Can transit appeal to the middle class?


Metro Transit has recently announced an initiative to get control of bad behavior on our transit system, especially on the light rail trains. The idea is to make the system more appealing to “choice” riders—that is, those who have a choice as to whether or not to use transit because they can afford to own and drive cars. As a person who advocates transit usage, one of the biggest objections I hear from people is that the system is associated with people whose behavior makes them uncomfortable. Usually, they’re not talking about someone not paying the fare or taking a snooze in their seat. It’s the people who smoke on light rail trains, blare their radios at full blast, aggressively panhandle, and do gross things like spit on the floor.
This problem isn’t unique to the Twin Cities, of course. Portland and Seattle used to have “free ride zones” in their downtown areas. The reason they don’t anymore is because (allegedly) homeless people were causing problems on buses and trains. However, it seems to have been getting worse the last few years.
On the other side of the coin, Metro Transit police do have a reputation for overzealous enforcement of rules against people they (allegedly) don’t like. To whatever extent this is true, it also turns people off from using transit. I would hate to see Metro Transit become as extreme as the Duluth Transit Authority, which has a zero tolerance rule for profanity and aggressively enforces it. Tell somebody on the bus the weather is cold as hell, and you may be out in it at the next stop. I have a friend who will never visit Duluth again, in part because of that draconian policy.
Anyway, Metro Transit plans to use undercover cops to monitor the light rail trains, and add uniformed officers to Brooklyn Center Transit Center, the Chicago-Lake Transit Center, and the Lake Street Blue Line station. I just hope they find the right balance between creating both the appearance and reality of safety and letting people be themselves if they’re not causing trouble.
On a more positive note, part of the initiative includes a vague promise of more bus routes and improving technology to make bus service more reliable. People need to feel safe and comfortable, but none of that matters if the buses and/or trains don’t go where people want or need to go, or if taking the bus means risking being late for work or other rigid appointments.
With that, I would like to propose an improvement to Route 46. As many Southside Pride readers know, the 46 currently goes from Highland Park in Saint Paul to the Edina library. (Even though the Southdale library is in the City of Edina, the Edina library is a separate branch near 50th Street and Highway 100.) The route mostly goes down 46th Street through the Southside Pride readership area, with a jog over to 42nd to avoid Lake Hiawatha. (Note to Metro Transit: please consider an amphibious bus next time you order equipment.) At present, one trip in the morning is extended to the Opportunity Partners sheltered workshop in Minnetonka and one trip in the afternoon comes back from Opportunity Partners toward the city. These extended runs go down Vernon Avenue.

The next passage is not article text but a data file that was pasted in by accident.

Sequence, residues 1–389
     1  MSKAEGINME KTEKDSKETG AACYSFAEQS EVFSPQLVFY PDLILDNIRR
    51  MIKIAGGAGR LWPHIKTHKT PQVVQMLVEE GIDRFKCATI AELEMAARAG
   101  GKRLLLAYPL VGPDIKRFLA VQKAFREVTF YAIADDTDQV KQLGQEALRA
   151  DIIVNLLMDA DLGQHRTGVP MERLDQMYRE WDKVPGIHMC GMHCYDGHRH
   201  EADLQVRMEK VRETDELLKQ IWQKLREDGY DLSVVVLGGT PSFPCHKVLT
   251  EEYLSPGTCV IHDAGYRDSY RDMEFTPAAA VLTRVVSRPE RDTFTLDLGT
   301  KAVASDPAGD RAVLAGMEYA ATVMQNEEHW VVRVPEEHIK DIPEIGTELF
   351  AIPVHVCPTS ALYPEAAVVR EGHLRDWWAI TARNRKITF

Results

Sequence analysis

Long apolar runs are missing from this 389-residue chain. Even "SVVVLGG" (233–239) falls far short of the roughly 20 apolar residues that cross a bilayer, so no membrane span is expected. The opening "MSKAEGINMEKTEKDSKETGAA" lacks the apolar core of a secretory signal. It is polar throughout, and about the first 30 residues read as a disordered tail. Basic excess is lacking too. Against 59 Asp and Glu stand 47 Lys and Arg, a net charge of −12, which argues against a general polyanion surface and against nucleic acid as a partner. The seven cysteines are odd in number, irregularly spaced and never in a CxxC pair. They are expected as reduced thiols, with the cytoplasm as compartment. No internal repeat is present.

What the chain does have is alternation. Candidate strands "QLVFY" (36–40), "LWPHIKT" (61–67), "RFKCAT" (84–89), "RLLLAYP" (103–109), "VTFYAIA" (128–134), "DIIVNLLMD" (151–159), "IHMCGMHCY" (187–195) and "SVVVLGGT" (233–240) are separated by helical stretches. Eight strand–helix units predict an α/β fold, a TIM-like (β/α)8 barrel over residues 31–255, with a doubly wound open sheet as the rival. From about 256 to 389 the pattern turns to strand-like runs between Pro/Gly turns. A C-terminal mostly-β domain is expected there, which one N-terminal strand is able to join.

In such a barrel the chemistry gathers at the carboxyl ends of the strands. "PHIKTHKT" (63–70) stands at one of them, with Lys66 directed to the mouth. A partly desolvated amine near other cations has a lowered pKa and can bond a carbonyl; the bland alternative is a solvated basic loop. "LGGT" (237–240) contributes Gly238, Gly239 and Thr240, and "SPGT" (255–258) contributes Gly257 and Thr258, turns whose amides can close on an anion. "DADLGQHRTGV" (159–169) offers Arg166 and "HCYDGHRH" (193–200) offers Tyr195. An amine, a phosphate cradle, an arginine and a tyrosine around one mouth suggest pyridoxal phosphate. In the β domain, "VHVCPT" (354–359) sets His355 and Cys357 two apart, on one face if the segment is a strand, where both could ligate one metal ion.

Here is my suggestion for a better 46. Extend it from the Edina library to Eden Prairie during shopping hours. The extension would use Vernon Avenue to Gleason Road to the 62 Crosstown, then follow the Crosstown to Highway 212 to the Eden Prairie shopping area and the Southwest Transit station. This would enable Minneapolis residents to have access to Eden Prairie for both shopping and employment. Even though Southwest Transit operates express buses from Minneapolis to the area, the Southwest buses don’t run on weekends, have no intermediate stops, and only go to the shopping area during rush hours. The Transit Center, where all-day service exists, is a long walk from the mall and other stores. Eden Prairie is easily the major retail district with the worst bus service in the Twin Cities, with Burnsville Center being a very distant second. Stores and restaurants out there are always hiring, and they pay their workers more than similar businesses in the inner city, in part because if their employees can’t afford a car, they can’t afford to work there.
Anyway, what do we want as a metro area? A transit service that is so close to worthless that only poor people use it because the middle class have other choices? Or do we want a system that welcomes all: poor, middle class, and even rich? Are we Portland or Seattle? Or do we aspire to be another Alabama or Mississippi?

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